Sandusky was apparently ordered simply not to bring children from Second Mile to Penn State's campus again.
End of story.
Now, the buggering chickens have come home to roost, at last, Sandusky has been charged, and Joe Paterno has been fired. And how did many of the fine young people at Penn State choose to respond to this scandal? They rioted at Joe Paterno's firing. Because they were afraid that Penn State wouldn't have a winning football team anymore.
Okay, now that we've taken a little trip to Crazy-Stupid-La-La-Land, let's come back to Earth again, shall we?
If this were any other department in any university, the department would be immediately shut down and staff involved in this heinous cover-up would be fired. Pensions lost, futures shattered, law suits filed. But this isn't any department. This is football. And football is what this country is all about. Sports and fame and the money that they generate rule the day.
Michael Steele and Joe Scarborough both took the stand on Monday's Morning Joe that the entire program needed to be shut down for a year while a huge house-cleaning takes place. Their argument was that, if the program was to continue over the long haul, a complete coming clean had to happen immediately. The opposing argument by Luke Russert and a couple of other folks at the Morning Joe table was that you couldn't "hurt the kids" in Penn State's football program for the crimes of their leaders.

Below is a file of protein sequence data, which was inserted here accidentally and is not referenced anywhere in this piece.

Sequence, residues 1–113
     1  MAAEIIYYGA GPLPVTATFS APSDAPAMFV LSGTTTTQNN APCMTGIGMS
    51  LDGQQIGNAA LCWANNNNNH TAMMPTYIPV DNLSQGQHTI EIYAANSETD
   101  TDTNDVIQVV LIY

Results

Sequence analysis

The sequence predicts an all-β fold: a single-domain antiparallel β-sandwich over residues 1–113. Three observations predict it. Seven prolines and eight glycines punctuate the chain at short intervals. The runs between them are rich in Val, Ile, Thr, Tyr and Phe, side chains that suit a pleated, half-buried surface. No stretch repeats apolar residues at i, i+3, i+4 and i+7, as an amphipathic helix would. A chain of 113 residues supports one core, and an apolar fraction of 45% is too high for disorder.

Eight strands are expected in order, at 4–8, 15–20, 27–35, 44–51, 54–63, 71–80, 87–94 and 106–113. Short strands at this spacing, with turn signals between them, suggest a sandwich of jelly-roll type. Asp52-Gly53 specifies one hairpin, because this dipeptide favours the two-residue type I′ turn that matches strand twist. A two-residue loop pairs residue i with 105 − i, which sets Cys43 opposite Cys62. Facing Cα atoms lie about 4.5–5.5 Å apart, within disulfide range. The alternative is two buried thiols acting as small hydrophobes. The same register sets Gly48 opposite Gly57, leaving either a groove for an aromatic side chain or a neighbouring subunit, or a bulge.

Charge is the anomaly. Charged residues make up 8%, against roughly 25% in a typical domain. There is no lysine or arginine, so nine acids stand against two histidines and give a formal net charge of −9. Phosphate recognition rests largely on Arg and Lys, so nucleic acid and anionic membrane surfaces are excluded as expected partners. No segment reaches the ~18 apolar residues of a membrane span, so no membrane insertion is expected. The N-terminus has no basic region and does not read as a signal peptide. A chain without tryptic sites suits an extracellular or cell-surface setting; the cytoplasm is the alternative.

And this is the crux, isn't it, kiddies. Luke Russert's argument is that the young people at Penn State who trusted those who guided them in the athletics program should not be affected by this. I say Russert couldn't be more wrong. The football program at Penn State should be suspended immediately, for a year, until every person in that department -- and in Penn State's adminstration for that matter -- can be rooted out and fired or prosecuted as an accessory after the fact. Athletic scholarships should be continued, allowing students to continue to matriculate this year, at the expense of the athletic department, whether they think they can afford it or not. I realize that football careers will be interrupted. I realize that television revenue will be lost. I realize that the entire school will suffer for this. So be it.
Let's look at the economy. (Yes, there's a point. Hang in there.) Because of the actions of a few incredibly greedy, incredibly irresponsible Wall Street gamblers, the entire economy of the wealthiest nation on the planet sits on the verge of collapse, still struggling to pull itself back onto dry land after an economic tsunami the likes of which hasn't been seen in the world since 1929.